instagramInstagram, a wildly popular photo sharing App for iPhone and Android smartphones made some changes to their Privacy Policy and Terms of Service earlier this week that inadvertently kicked off a reputation implosion.

In a nutshell, under the proposed changes to Instagram’s Privacy Policy and Terms of Service, Instagram would be able to sell/use users’ pictures in advertisements and any images uploaded to Instagram would no longer be owned by users. Instagram users were completely caught off guard by these proposed changes.

Within hours streams of conversations were flowing heavily on social media networks which encouraged others to delete their Instagram accounts in protest, out of outrage or out of principle. Step-by-step instructions detailing how to delete your Instagram account and switch to Instagram alternatives were circulating the Web. Many expressed their outrage and feelings of betrayal on social networks, blog posts or decided to demonstrate their outrage by downloading their photos and deleting their Instagram account. An Instagram exodus was underway and the outrage was amplified by celebrities who were stunned by Instagram’s decision.

Then, Instagram’s co-founder, Kevin Systrom, responded in a blog post indicating that Instagram got the message loud and clear.  Kevin Systrom’s blog post follows:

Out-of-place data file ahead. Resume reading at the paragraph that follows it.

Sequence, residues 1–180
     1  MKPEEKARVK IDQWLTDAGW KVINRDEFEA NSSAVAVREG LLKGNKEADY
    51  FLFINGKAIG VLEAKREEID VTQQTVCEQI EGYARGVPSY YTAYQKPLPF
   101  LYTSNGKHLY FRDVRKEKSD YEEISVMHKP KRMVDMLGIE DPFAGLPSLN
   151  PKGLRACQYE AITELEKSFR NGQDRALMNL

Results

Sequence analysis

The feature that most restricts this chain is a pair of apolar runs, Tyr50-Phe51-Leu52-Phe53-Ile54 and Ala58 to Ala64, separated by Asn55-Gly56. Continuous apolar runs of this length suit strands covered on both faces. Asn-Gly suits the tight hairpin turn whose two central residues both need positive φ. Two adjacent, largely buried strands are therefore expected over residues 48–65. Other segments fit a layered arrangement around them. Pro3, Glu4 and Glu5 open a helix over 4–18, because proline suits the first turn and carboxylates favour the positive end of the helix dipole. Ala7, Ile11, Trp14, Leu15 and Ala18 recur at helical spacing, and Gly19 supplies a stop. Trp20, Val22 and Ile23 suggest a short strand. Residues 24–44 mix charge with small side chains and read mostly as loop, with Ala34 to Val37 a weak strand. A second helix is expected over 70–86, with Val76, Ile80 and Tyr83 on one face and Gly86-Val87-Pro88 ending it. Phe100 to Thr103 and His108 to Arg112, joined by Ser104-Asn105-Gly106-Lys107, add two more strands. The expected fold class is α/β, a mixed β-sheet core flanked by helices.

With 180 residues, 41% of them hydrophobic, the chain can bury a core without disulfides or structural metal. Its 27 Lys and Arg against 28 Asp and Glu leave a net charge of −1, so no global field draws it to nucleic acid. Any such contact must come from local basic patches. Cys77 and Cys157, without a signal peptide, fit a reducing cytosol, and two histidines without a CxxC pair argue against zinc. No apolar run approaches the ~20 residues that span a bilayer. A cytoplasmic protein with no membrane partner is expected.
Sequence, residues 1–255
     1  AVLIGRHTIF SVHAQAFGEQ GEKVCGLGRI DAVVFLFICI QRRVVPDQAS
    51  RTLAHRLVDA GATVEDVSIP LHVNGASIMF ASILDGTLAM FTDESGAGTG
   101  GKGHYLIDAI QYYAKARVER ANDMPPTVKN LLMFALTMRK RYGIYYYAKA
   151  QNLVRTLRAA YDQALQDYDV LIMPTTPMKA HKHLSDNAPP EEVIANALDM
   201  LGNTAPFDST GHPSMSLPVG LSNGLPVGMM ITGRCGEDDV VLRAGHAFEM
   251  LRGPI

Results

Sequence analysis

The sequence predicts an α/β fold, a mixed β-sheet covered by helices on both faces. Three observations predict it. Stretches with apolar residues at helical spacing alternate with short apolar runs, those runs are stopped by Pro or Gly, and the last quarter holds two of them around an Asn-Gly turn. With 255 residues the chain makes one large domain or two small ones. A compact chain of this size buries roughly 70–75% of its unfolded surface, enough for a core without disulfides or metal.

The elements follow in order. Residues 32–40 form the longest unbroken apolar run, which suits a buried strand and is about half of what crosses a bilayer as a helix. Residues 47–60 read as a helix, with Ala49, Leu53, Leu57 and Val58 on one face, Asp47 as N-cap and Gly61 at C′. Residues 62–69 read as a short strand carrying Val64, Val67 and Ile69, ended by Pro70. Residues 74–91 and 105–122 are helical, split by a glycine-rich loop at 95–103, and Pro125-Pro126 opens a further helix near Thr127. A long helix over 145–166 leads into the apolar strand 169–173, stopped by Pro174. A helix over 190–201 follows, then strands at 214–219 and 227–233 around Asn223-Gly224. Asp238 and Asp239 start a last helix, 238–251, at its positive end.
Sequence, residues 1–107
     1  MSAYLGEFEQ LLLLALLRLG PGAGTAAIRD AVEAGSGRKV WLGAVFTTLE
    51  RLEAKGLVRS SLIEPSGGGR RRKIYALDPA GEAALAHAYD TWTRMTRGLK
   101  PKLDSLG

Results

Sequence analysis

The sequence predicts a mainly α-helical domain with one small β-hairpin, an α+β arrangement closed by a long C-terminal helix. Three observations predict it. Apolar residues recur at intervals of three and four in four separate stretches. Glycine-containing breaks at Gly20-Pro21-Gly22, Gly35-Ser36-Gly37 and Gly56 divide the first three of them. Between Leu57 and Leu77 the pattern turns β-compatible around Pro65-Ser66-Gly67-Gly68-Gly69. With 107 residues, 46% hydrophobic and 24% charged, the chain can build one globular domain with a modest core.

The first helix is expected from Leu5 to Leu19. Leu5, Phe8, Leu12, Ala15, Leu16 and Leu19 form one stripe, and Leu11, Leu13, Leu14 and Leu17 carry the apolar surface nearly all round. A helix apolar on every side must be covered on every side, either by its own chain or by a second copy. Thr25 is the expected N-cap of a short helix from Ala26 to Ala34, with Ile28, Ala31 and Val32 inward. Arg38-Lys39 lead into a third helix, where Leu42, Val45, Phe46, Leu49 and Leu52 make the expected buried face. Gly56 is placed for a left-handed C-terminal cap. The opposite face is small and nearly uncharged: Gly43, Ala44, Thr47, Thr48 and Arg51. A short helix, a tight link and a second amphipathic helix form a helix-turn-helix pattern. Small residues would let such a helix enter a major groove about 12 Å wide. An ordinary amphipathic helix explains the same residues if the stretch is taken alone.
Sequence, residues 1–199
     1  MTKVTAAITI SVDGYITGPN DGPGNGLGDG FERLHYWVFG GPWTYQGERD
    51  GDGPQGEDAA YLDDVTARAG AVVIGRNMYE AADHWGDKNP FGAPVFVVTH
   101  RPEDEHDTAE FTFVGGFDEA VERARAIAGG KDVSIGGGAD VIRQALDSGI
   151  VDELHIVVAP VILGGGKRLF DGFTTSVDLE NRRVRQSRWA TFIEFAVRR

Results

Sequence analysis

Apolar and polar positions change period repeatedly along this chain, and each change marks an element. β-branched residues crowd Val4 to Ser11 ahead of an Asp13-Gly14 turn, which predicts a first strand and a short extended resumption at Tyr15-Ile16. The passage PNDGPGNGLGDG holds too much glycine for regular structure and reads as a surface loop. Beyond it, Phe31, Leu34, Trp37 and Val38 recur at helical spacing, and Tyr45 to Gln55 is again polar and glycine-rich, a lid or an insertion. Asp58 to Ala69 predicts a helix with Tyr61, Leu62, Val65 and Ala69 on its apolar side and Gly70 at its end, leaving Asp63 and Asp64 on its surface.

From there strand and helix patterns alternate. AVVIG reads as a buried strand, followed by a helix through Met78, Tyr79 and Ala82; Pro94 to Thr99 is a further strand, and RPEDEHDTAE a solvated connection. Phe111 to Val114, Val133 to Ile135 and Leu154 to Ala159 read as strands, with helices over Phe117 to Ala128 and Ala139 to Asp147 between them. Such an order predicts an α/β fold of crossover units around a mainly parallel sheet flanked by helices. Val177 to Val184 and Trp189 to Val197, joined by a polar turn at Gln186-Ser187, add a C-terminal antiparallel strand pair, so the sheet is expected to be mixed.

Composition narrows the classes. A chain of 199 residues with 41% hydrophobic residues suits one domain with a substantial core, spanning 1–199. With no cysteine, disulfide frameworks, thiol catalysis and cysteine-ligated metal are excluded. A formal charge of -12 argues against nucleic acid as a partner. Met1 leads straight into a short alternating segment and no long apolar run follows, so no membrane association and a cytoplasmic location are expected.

Yesterday we introduced a new version of our Privacy Policy and Terms of Service that will take effect in thirty days. These two documents help communicate as clearly as possible our relationship with the users of Instagram so you understand how your data will be used, and the rules that govern the thriving and active Instagram community. Since making these changes, we’ve heard loud and clear that many users are confused and upset about what the changes mean.

I’m writing this today to let you know we’re listening and to commit to you that we will be doing more to answer your questions, fix any mistakes, and eliminate the confusion. As we review your feedback and stories in the press, we’re going to modify specific parts of the terms to make it more clear what will happen with your photos.

Legal documents are easy to misinterpret. So I’d like to address specific concerns we’ve heard from everyone:

Advertising on Instagram From the start, Instagram was created to become a business. Advertising is one of many ways that Instagram can become a self-sustaining business, but not the only one. Our intention in updating the terms was to communicate that we’d like to experiment with innovative advertising that feels appropriate on Instagram. Instead it was interpreted by many that we were going to sell your photos to others without any compensation. This is not true and it is our mistake that this language is confusing. To be clear: it is not our intention to sell your photos. We are working on updated language in the terms to make sure this is clear.